‘The strange bastard offspring of Mervyn Peake and Joseph Conrad’ – The Vorrh by B Catling

tvbcThe strange bastard offspring of Mervyn Peake and Joseph Conrad, The Vorrh is an extraordinary beast. The premise is straightforward – a man enters a mystical forest, and those who protect the forest send a warrior to stop him – but the resulting narrative is anything but.

Initially released in 2012, the edition we get here is actually a trilogy in its entirety, presented as Parts 1 through 3. It comes with a fawning introduction by Alan Moore (whose metafictional League of Extraordinary Gentlemen certainly chimes with this, so much so that the titular forest features in his League of Gentlemen Century: 2009) and has pull quotes from Iain Sinclair and Tom Waits. This is an important piece of art, they claim. Moore describes the book as the first landmark work of fantasy this century.

There are lofty expectations on this novel.

At first you’ll be double checking those cover quotes. Are they serious? Do they really think this mess of a book, with robots, the Garden of Eden, Raymond Roussel, a cyclops, and a sex scene from the perspective of a dog, is worthy of being called a landmark work of fiction? The first hundred pages are a tangle of plot threads, with nothing to grasp hold of.

But then something clicks. And you get it.

Plots start to form, narratives twist and turn. The cyclops raised by robots, who is rescued and finds himself able to perform miracles; the two men delivering the corpses of babies to a shed of slaves in the hope that they will give them magical powers; the man making his way through the forest is hunted, before turning the tables. Perspectives shift and, at times you aren’t sure who you’re reading about. That Catling manages to keep your interest despite the confusion abound here is a testament to his writing skills.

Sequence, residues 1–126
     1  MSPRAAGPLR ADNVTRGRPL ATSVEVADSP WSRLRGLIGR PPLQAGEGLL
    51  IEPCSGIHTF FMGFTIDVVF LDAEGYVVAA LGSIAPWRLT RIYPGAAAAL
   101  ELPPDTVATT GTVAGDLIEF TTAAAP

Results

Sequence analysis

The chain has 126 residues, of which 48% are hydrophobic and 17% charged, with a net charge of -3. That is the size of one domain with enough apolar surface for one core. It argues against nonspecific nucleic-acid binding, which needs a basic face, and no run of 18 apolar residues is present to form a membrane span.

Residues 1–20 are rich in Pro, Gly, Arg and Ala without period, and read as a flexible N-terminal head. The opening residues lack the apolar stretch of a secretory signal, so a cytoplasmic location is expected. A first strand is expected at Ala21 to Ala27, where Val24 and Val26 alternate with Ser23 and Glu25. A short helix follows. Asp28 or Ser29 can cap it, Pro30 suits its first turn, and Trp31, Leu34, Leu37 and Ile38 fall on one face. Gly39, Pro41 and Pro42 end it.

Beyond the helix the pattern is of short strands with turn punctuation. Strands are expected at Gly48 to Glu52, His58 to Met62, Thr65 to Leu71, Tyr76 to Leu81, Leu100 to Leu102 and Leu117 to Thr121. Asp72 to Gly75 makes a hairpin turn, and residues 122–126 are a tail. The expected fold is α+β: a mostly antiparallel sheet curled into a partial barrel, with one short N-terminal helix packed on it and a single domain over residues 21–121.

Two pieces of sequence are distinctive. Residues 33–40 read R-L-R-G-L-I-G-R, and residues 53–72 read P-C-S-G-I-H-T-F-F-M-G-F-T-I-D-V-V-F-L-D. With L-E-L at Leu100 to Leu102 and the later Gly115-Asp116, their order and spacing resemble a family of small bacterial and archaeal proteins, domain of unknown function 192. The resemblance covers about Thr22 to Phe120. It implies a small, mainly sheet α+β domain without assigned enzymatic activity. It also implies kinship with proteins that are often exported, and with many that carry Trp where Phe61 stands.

This is a book about delving into the unknown, and the power that mysteries hold over us. It’s a novel about colonialism, and slavery. It’s a book about the dangers of controlling people. It may start out, like the forest itself, a tangled mess, but in the end it unwinds into something poignant and beautiful.

Any Cop?: Oh yes, very much so. This is a beguiling, and sometimes difficult book, but the rewards are definitely worth it. The first landmark work of fantasy this century it is not, but it is destined to go down as a cult classic.

Daniel Carpenter


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